Chamber staff took part in the Canadian Chamber of Commerce Annual General Meeting this week, helping adopt a number of policy resolutions that address important issues for our members.
"By joining with our Chamber network, we can amplify our calls for government to better serve Canadians by focusing on helping the business community," Chamber CEO Bruce Williams says. "Greater Victoria shares many of the concerns of other regions in Canada, such as ensuring indigenous communities are included in conversations about local economies and advocating for investment in marine industries in Canada."
The Chamber also heard from a panel of experts on what to expect after next Tuesday's elections in the US.
“I just hope that everybody doesn’t retreat into their corner of the sandbox and play by themselves because this will cause both health risks and economic collapse,” said panelist David MacNaughton, Canada’s ambassador to the U.S. from 2016 to 2019.
The Capital Regional District has launched a new program to help businesses in the region check the efficiency of faucets used for hand-washing. If the faucet isn't operating at maximum efficiency, the CRD will replace the faucet's aerator for free.
The new aerators use less than two litres of water per minute, compared to as much as 11 litres per minute in older faucets. The update can save businesses money and waste less water. The regional district estimates that 25% of all water in Greater Victoria is used for commercial and industrial purposes. That adds up to 10 billion litres per year.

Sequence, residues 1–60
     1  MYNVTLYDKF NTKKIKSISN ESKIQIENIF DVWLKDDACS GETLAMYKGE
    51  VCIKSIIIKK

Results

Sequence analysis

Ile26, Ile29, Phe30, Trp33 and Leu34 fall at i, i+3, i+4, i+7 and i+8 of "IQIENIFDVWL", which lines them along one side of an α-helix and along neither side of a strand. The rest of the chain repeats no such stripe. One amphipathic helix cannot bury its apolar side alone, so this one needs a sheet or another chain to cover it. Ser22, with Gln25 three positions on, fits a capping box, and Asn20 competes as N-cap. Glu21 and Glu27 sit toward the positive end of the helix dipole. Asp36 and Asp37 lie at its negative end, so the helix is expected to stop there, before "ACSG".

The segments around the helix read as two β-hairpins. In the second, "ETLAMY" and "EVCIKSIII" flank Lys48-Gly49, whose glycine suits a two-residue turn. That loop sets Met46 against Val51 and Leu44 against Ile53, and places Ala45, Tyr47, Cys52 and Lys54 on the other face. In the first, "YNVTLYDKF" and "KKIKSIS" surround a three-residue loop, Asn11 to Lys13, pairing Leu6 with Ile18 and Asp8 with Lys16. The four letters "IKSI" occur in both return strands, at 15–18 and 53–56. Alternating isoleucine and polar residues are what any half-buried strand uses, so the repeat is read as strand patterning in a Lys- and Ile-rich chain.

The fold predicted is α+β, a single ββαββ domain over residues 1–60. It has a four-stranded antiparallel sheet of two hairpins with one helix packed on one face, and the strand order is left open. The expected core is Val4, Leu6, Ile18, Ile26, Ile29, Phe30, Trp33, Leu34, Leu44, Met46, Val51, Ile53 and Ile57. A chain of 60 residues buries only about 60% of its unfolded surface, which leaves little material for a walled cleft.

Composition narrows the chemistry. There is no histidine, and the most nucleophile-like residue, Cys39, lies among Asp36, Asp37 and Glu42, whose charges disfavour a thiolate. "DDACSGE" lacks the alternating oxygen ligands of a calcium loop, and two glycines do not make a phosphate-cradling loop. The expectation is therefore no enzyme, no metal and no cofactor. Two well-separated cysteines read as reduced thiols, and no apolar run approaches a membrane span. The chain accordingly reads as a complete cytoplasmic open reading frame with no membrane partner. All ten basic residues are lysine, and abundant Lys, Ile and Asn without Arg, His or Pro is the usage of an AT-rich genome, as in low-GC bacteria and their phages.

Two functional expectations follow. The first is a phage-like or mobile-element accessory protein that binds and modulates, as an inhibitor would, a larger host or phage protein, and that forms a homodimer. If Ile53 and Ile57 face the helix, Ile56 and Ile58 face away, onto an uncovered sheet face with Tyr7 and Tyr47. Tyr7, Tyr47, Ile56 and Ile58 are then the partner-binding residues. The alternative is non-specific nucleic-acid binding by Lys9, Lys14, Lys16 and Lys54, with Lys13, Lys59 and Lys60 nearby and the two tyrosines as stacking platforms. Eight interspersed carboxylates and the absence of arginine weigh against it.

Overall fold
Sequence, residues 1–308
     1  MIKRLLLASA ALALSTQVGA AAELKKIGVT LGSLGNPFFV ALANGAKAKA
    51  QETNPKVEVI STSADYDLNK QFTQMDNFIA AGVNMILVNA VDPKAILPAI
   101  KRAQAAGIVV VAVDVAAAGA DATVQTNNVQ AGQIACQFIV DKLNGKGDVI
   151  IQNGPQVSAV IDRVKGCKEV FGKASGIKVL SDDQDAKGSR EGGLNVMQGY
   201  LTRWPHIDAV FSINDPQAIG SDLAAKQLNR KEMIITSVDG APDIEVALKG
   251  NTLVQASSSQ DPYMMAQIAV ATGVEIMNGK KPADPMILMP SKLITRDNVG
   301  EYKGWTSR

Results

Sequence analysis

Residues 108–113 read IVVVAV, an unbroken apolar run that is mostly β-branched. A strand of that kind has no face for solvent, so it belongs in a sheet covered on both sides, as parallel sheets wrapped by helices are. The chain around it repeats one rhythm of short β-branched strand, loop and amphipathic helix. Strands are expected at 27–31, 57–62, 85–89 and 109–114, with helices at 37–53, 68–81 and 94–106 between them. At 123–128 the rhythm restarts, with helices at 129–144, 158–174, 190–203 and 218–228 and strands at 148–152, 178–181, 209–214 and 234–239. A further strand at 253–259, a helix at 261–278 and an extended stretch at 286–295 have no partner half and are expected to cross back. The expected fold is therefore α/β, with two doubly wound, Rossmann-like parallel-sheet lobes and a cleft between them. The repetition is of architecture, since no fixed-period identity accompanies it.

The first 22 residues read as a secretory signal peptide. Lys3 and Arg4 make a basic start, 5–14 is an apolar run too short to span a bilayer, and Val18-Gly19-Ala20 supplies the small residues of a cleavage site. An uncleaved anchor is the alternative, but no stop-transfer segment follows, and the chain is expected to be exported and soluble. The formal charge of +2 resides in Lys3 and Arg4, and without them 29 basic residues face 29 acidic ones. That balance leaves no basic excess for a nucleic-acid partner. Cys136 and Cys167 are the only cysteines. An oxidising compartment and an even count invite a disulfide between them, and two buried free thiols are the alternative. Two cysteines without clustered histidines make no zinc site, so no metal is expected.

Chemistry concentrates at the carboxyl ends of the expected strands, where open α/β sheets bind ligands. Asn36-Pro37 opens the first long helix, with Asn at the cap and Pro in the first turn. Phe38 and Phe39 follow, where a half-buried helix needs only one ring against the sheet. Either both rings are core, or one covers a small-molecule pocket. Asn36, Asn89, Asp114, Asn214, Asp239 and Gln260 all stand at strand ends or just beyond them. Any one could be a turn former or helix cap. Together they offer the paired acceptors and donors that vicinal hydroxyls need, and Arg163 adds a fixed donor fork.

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The Chamber strongly supports Greater Victoria mayors who are calling on the new provincial government to do better to improve regional transportation on southern Vancouver Island. Specifically, we have been calling for a regional approach to how transportation is governed. We need to think broadly to address transportation issues and take advantage of opportunities to create 21st century solutions.
The mayors of Saanich, Victoria, Colwood and View Royal were among the group that co-authored a letter to the province.
The Chamber supports efforts to protect the environment from harmful single-use plastics, and we call on governments to work with businesses to support innovations that address these concerns.
Today's announcement from federal Environment and Climate Change Minister Jonathan Wilkinson to eliminate waste plastic by 2030 is welcome news. The plan is to target single-use plastics, specifically plastic checkout bags, straws, stir sticks, six-pack rings, cutlery and hard-to-recycle food containers.
Having a national strategy will help ensure the rules are standardized so that businesses understand their requirements. The public has, for many years, supported businesses that provided alternatives to plastic waste. Going forward, governments need to ensure they are following the lead of the public and businesses in order to get the best response to this new initiative.